Battery Life, Closing Thoughts

Inside the Xperia Z2 Tablet we find a 22.8 Wh (6,000 mAh at 3.8 V) battery, which is a reasonable size for a tablet this thin and light, but not hugely amazing. Windows 8.1 tablets I've reviewed in the past, such as the Asus Transformer Book T100, managed to pack a 30+ Wh battery into their 10-inch frame, although the ARM components inside the Z2 Tablet should be more power efficient than their Intel counterparts.

The Snapdragon 801 is especially important to battery life as it's one of Qualcomm's most power efficient chips to date. Standby battery life is extremely good from the Xperia Z2 Tablet, as the Snapdragon 801 SoC power gates cores and runs at low frequencies to conserve energy. Every time I picked up the tablet, the remaining battery had hardly decreased, which is great to see.

Battery life isn't as impressive when you're actually using the tablet. Especially when gaming and performing other intensive tasks, you'll witness a fairly high level of battery drain, although it's not as bad when just using the tablet for web browsing or light app usage. I feel like a battery life/thinness tradeoff has occurred, and although the tablet looks fantastic, I would have sacrificed a few more millimetres for a beefier battery.

Above you'll see the results from our usual video playback battery test, which is a low intensity benchmark that shows the energy efficiency of the SoC and the display. Decoding 720p is hardware accelerated on all Android devices these days, although the 75% brightness requirement can strain the more wasteful panels.

Final Thoughts

There are many things that Sony has done right with the Xperia Z2 Tablet. For one, the design is absolutely incredible: a slim and light body is complemented by great materials, IP58 water resistance, and a solid construction, making the tablet look and feel futuristic. The bezels are a little too large, but after a week of using the device it's easy to look past this flaw.

Internally, the Snapdragon 801 SoC is extremely powerful, making the Xperia Z2 Tablet one of the fastest ARM-based tablets available. The display used is also fantastic, fixing the issues of Sony's past panels while producing vivid colors and great clarity thanks to its WUXGA resolution. Battery life isn't as good as it could be, but at the same time it's not overly terrible.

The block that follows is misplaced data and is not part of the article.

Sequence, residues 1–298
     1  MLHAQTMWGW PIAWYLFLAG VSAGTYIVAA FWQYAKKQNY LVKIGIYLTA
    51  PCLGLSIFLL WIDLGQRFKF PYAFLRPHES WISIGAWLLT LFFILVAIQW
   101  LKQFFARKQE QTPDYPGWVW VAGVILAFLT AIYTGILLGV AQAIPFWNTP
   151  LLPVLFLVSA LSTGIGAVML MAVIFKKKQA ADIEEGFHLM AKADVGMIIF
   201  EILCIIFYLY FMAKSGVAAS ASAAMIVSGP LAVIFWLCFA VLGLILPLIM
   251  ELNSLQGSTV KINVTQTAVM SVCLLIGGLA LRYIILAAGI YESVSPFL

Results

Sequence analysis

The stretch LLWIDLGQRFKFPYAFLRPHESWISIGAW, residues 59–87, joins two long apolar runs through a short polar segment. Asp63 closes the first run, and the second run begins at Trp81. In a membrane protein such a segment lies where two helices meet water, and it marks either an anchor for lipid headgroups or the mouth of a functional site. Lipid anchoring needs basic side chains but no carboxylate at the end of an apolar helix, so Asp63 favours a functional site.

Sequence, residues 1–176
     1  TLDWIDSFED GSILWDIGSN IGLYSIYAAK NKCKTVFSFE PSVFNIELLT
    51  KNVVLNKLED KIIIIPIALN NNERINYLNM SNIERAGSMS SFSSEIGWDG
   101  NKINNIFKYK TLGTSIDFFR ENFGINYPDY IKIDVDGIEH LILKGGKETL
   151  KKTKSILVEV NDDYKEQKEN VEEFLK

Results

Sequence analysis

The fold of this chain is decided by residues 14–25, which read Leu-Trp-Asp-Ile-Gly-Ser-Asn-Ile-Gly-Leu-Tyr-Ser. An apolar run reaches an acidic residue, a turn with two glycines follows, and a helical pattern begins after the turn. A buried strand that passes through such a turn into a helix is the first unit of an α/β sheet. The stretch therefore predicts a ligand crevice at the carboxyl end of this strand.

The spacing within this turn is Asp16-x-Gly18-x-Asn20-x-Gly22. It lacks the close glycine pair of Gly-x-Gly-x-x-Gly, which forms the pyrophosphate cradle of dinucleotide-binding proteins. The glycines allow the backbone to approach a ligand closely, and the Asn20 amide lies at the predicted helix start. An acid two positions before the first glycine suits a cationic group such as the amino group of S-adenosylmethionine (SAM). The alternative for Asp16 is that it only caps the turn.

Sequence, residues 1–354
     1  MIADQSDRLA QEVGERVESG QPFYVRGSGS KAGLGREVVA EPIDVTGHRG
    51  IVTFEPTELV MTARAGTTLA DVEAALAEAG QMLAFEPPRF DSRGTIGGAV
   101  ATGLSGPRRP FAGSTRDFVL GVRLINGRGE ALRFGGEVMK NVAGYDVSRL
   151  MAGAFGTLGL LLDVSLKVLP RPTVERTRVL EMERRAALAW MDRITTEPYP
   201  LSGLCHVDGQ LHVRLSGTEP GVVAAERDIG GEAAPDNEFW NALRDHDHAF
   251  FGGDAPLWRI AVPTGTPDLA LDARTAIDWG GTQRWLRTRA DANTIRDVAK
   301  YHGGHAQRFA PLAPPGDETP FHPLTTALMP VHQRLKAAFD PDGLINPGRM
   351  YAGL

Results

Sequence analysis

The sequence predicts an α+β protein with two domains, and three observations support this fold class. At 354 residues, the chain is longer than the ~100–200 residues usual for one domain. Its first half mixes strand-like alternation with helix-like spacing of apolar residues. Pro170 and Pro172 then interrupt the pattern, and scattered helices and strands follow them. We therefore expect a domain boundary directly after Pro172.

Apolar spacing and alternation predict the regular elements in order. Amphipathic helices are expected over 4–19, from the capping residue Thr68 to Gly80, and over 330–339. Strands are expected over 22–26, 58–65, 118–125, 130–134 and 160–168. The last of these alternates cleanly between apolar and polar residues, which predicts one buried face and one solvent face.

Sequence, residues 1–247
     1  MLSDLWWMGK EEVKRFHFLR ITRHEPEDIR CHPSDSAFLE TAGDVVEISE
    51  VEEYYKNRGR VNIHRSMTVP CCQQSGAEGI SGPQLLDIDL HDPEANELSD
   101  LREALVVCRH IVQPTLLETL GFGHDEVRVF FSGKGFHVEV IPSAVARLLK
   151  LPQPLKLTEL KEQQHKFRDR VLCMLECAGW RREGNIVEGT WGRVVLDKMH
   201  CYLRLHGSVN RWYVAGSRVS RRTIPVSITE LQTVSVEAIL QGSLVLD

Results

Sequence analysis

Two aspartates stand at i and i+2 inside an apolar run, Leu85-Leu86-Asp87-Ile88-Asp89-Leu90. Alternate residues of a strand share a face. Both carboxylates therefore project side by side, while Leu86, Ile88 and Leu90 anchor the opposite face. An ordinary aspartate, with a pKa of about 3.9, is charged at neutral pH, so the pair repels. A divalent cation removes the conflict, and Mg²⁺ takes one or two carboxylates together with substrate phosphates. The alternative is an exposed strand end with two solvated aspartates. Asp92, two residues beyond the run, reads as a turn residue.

The only aspect of the Z2 Tablet's hardware that's subpar is the camera, which may be a Sony Exmor RS sensor, but generally produces poor results. Luckily the camera on a tablet isn't that important, so it's unlikely it'll affect anyone's purchasing decision.

But the good hardware of the Xperia Z2 Tablet is let down by poor software. Android on a 10-inch tablet just isn't all that special, lacking when it comes to both applications and features, where iOS and Windows 8.1 succeed respectively. There's nothing that's especially terrible about tablet Android, but it's still behind its competitors and there has been little improvement since the last time I used it.

The Sony Xperia Z2 Tablet is available for $499 in a 16 GB Wi-Fi only configuration, or $639 for the LTE option, placing it in a head-to-head battle with the iPad Air. At this price point it's hard to recommend the Z2 Tablet over the fantastic and well-rounded iPad Air; although if you're not keen on iOS and specifically after a high-end Android option, what Sony has produced may be the best choice for you.


Pros: Fantastically thin, light and waterproof design. Snapdragon 801 provides more than enough power. Great display caps of a generally solid hardware offering.

Cons: Android is lacklustre on 10-inch tablets compared to iOS or Windows. Camera isn't that good. Bezels are a little too large.